A conversation with Nobel Prize Literature winner Svetlana Alexievich took place in London’s Southbank Centre on May 29 as part of Power of Power festival. The event was opened by Natalia Kaliada, a co-artistic director of Belarus Free Theatre, who introduced the prominent Belarusian writer to the London audience. Svetlana Alexievich talked to British writer and literary critic Marina Warner and answered questions from the audience. The announced topic was “Putin and Power”, but the conversation was much deeper. Below are keynotes of Svetlana Alexievich’s speech.
On historical naivety
The time of troubles has come. I can understand it from the books I read and my friends read. They read about Germany of the 1930-s, about pre-revolutionary Russia. The situations look pretty much the same.
All – you here and we – were naive in the 1990-s. We even wrote about the “end of history”; we thought the Cold War had ended and the world would become free. It was a naive thought. As writer Varlam Shalamov said: “A person who has just been released from prison cannot become free just outside the prison door.”
Today we don’t understand our naivety of those times and even regard it as something criminal. Why did we think like that? We talked in our kitchens and had good conversations, and we enjoyed ourselves; we dreamt about the future; we talked about people and loved them… But actually we didn’t know our people. We loved our dream about people. I like artist Illya Kabakov’s words, who said: “When we were fighting against the Monster, the communism, it seemed to us we were beautiful. We finally defeated the Monster and found out suddenly that we have to live with rats.” It means we didn’t know human nature. We were not ready for changes. We didn’t have any ideas of how to reform our life; we didn’t have the elite that, for example, Poland had. We thought it’s enough to destroy everything and then all new and beautiful would appear out of nowhere.
It was a beautiful time. We were running in streets, chanting “Freedom! Freedom”, but unfortunately we had no idea what it is. As a result, we now live with a feeling of defeat.
On value of human life
I’ve written four books about war, and I admire the girls who were in the war; I admire members of clean-up teams who, barehanded, worked on the roof of the nuclear reactor… The only question that has been haunting me for 30 years while I was writing my Red Utopia is: Why are these sufferings are not converted into freedom?
One of possible answers that I found is that we are military people and our culture is military. So, we are hostages of this culture.
It was always strange to me to hear democratically minded people saying something like “we will execute them when we come to power.” Human life cost nothing, it was equal to some aims. I heard the same in Chernobyl. You could heard phrases like this at the beginning of the work day: “This requires five human lives, and that requires seven human lives.”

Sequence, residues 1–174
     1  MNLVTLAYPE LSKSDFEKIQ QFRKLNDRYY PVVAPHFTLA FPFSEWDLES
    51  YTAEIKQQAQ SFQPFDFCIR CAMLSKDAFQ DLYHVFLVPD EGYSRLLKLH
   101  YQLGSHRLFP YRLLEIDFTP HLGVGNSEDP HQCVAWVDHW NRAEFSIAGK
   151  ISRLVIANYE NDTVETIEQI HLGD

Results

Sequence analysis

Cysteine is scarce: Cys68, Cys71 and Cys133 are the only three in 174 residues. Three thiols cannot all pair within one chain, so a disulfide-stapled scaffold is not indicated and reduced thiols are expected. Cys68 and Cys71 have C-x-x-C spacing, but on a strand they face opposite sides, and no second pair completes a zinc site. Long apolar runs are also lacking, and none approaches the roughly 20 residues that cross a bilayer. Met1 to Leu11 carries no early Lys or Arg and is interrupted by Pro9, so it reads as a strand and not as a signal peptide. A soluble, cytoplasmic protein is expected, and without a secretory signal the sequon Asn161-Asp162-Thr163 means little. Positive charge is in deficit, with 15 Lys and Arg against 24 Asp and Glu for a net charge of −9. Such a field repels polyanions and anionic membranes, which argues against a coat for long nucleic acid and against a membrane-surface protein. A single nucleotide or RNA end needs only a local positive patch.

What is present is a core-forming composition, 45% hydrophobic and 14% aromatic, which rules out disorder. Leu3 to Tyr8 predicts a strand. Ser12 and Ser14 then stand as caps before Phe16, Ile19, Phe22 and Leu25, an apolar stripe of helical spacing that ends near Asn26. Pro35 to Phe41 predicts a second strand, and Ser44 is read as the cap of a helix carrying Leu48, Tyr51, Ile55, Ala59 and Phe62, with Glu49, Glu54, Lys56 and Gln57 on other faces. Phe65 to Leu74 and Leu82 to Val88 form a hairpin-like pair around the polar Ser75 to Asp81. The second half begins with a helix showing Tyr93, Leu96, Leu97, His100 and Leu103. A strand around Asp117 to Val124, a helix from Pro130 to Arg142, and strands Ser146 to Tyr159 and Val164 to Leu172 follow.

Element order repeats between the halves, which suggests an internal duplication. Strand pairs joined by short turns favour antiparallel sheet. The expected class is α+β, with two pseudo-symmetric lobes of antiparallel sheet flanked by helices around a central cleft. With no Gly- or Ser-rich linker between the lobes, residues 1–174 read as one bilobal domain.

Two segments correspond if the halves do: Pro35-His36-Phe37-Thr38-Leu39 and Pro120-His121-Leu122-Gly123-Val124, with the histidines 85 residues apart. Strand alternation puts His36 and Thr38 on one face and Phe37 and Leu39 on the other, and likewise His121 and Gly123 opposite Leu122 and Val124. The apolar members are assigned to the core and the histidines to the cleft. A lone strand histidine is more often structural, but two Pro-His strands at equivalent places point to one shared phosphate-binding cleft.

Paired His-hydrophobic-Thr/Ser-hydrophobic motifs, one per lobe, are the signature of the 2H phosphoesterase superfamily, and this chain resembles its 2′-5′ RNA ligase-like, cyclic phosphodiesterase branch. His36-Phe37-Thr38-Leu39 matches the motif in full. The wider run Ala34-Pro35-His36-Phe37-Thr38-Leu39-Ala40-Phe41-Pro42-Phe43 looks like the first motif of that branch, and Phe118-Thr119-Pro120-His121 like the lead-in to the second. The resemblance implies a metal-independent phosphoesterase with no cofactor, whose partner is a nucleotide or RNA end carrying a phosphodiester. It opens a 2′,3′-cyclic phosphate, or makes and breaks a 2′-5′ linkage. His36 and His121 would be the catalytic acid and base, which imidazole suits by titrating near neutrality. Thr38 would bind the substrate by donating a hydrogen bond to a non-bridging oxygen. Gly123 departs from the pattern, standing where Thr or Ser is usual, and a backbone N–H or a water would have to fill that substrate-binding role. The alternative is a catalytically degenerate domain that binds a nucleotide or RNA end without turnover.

Another example is what I saw several days ago. Russia and Ukraine were exchanging a Ukrainian pilot for two Russian servicemen captured in Donbass. Only wives of the Russian servicemen welcomed them at the airport. The airport was cordoned off, no one was allowed there. The Ukrainian pilot was welcomed by many people, journalists, president Poroshenko. She talked to people.
It means that there are no individuals, there’s only a collective “mass of people”. I remember perfectly that people found themselves alone during the perestroika. The idea was over, and they had to solve their problems on their own. It was a very uncomfortable feeling, they were so reluctant to separate themselves from that collective mass of people.
They didn’t print my books, there was prosecution, I lived abroad, but it was a conflict with the authorities. This conflict, which we have had for 200 years, is a “conflict between tsar and poet”. Today, we have a far more terrible conflict, a conflict with the people of the country. You think: where are the people who starved for freedom and demolished monuments of executioners in the 1990s? In today’s Russia these people open Stalin museums and 80% support Putin. So I think the conflict between writer and people today is one of the most difficult times in history.
On book characters
If I didn’t enjoyed life, if I didn’t like people, perhaps there would be no sense for me to write, especially in my genre. I come to a person as a friend, not as a famous writer. I never interview people. We just begin to talk about life, that’s what I do.
For example, I am writing a book about war. But people tell me not only what they saw during the war, they tell me the story of their life. They can be happy or not, young or old, but the story must be enlightened with the light of their whole life to be able to be turned into literature.
On main things in creative work
We have got used in the past few years that the world is information. The more information there is, the more open the world is. I have a different viewpoint. For me, main things are something above information. There’s a mystery of human life, and this is what interests me. I am not interested in how much fuel exploded in the reactor or why it exploded. I am interested in something lying very deep in people, because it is the most important thing in people.
I am interested in a person who is farther than war, farther that any event. The person inside us, about whom we don’t know yet. Of course, I know there must be a core that holds this rubbish and life’s metaphysics together. And there are only two things that are important in our life – death and love.
Socialism, capitalism, Gorbachev, Putin – everything disappears with new generations, with new biological flows. But it seems to me that literature should keep the knowledge of the most important things of each period.
On literary methods
Each of us can say today that our life’s internal rhythm has become fast, unnaturally fast. Sometimes it prevents us from listening to ourselves, our soul. Music, visual art and literature are looking for new forms. When I was looking for my literary form, my genre, I thought every person had a mystery and answer to what human life is. If we put it together, we get an oratorio.